Stephen Jones' voice resonates for dad Jerry with Cowboys
Jun. 13, 2015
IRVING, Texas (AP) — Stephen Jones chuckles at the memory of being mediator between his dad —yeah, Cowboys owner Jerry Jones — and headstrong former coach Bill Parcells.
"It was tough, tough, tough," the No. 2 man in Dallas' front office says. "But it was worth it."
And it helped shape the chief operating officer/executive vice president/director of player personnel into what he is today: the person widely perceived to be calling the shots for the Cowboys.
They've picked foundation over flash in recent drafts and decided not to stress the salary cap with a big contract for DeMarco Murray after he led the NFL in rushing for a playoff team. Stephen Jones was front and center in those decisions.
The 50-year-old Jones finds talk of his leading role "interesting." He believes little has changed in 26 years of Jerry Jones as owner, general manager and ultimate arbiter of the Cowboys, for better or worse. But he doesn't completely squash the notion.
"I think probably the biggest way things have changed is that he probably has more confidence in me," Jones says. "Although he might not want to say that he didn't have confidence in me 20 years ago, because I think he did. I think he listened to me a lot. But did he listen as much? Maybe not."
The younger Jones was a 24-year-old chemical engineering graduate of Arkansas — where he and his dad played football — when Jerry Jones bought America's Team in 1989, fired coach Tom Landry and brought instant notoriety to a family that quietly made its fortune in oil and gas.
Admittedly "green behind the ears" as he found himself making decisions alongside then-coach Jimmy Johnson, Stephen Jones was confident in his football background.
Looking back now, Jones figures a healthy part of his growth came in the four years Parcells was with the Cowboys. His flamboyant father and a Super Bowl-winning coach who famously clashed with front offices on personnel issues elsewhere didn't want any "confrontational disagreement," as the younger Jones put it. So he got to play middle man.
"It helped me in a lot of ways," Jones said. "Because I had to have some real heated, heated visits with both Jerry and Bill."
And he wasn't afraid of them, says Jeff Ireland, the Cowboys' director of scouting in those days. Ireland remembers the Cowboys deciding to do something different in the draft room and needing to tell Parcells, who Stephen Jones says was the architect of several changes that made Dallas better.
"Stephen didn't wait for his dad," Ireland said. "He said, 'Hey, look, Jeff, we're going to go and do this and it's not going to be a real happy time for us.' He knows how to handle people. And he knows how to do it without disrespecting them either."
Jones says his dad still has the final decision. That included last year when he resisted his headline-grabbing urge during the draft and passed on Johnny Manziel for Zack Martin, a quiet workhorse offensive lineman who became the club's first rookie All-Pro since Calvin Hill in 1969.
The more relevant draft room drama, Stephen Jones says, is the buildup to each pick. Jones has tried to make his voice heard when his dad gets anxious about moving up.
"We're going to be good here, I think," Stephen Jones might say.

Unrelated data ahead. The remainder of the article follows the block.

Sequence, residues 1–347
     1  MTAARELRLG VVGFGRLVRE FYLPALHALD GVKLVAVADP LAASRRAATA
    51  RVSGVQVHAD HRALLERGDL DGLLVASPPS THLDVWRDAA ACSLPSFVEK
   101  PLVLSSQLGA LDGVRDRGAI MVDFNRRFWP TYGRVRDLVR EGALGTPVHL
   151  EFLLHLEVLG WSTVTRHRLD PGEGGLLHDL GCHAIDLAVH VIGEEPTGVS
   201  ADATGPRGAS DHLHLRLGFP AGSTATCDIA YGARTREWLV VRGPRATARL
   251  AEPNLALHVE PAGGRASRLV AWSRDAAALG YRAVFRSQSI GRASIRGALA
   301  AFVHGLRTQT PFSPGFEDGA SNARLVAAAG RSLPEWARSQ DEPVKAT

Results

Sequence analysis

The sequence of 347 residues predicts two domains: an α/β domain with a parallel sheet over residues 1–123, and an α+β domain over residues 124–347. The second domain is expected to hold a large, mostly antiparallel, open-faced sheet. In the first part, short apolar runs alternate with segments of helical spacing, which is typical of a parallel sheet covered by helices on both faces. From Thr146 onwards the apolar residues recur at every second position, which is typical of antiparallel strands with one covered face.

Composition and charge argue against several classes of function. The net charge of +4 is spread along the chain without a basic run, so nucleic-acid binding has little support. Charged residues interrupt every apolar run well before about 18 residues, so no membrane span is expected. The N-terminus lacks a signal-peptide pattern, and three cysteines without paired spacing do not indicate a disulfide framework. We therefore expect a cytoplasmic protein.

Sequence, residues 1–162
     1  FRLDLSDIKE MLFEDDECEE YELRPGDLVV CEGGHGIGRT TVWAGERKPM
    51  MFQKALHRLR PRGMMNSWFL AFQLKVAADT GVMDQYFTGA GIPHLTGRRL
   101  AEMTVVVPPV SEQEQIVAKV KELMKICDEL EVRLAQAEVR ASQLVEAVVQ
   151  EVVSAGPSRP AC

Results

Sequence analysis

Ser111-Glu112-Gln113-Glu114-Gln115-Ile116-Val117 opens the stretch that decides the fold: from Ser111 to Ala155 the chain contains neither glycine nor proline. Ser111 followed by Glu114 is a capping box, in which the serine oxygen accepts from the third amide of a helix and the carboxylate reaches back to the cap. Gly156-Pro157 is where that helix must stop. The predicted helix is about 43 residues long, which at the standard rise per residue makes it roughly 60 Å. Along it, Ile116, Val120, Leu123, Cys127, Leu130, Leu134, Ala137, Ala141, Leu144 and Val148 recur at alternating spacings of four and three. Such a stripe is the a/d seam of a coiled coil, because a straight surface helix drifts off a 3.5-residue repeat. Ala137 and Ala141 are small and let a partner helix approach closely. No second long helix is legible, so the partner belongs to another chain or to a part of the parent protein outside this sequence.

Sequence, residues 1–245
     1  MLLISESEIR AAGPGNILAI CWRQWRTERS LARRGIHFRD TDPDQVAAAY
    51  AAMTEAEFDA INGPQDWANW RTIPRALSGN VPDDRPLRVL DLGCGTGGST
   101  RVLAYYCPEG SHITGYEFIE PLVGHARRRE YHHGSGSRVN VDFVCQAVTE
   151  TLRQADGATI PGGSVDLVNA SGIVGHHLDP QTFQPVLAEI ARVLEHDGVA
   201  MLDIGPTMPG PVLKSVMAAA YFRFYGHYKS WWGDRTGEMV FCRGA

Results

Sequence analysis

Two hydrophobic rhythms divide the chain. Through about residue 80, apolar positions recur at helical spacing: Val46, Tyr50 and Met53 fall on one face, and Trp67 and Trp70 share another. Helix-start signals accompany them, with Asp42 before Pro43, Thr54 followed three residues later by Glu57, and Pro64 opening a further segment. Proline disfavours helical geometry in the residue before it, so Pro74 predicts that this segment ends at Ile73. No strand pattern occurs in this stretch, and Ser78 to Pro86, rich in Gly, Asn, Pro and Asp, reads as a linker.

"Can you assure me one of these guys ..." his dad might counter.
"I can't assure you of anything. I don't know what these people ..." son might shout back.
"Well then we need to go get 'em," father might say.
"So it's a little fun dynamic in there when he and I are visiting," Stephen Jones adds, smiling. "But he's a good listener. And I mean he listens more. In the past, he might not have had the confidence in me to listen as much, or (to) someone in the room."
Jerry Jones said as much before this year's draft, when the Cowboys pushed aside their needs at running back and went with Connecticut cornerback Byron Jones in the first round.
"Bottom line, without getting into it a lot, Stephen has absolute, tremendous influence on these decisions that are ultimately made in this organization and everything we do," says Jerry Jones, also noting the input of coach Jason Garrett. "It would be madness for two people to work as hard as these guys do, not to ... be influenced by what they are telling you."
Since winning three Super Bowls in four years in the 1990s, the Cowboys at times trashed the salary cap trying to keep the core of those teams together, and had plenty of draft busts.
But Morris Claiborne (2012) is the only first-round pick from 2010-14 that hasn't made a Pro Bowl. And the Cowboys came away from this year's draft feeling like they had three first-rounders in Jones, defensive end Randy Gregory, and lineman La'el Collins.
Gregory, a projected top 10 pick, fell to the end of the second round over off-field issues, and Collins picked Dallas as a free agent when he went undrafted after he was named in a police investigation in which he isn't a suspect.
Stephen Jones believes the Cowboys are benefiting from the continuity of five-plus years with Garrett as head coach. They haven't had that since Johnson left in a messy split with Jerry Jones after winning a second straight championship in 1993.
Through all the coaching changes, Jerry Jones, 72, had one constant at the top — his son.
"I know he looks and treats the franchise as a legacy," Stephen Jones said. "The big joy comes in working with him and working as a family."
And if people want to say Stephen Jones is the leading voice, so be it.
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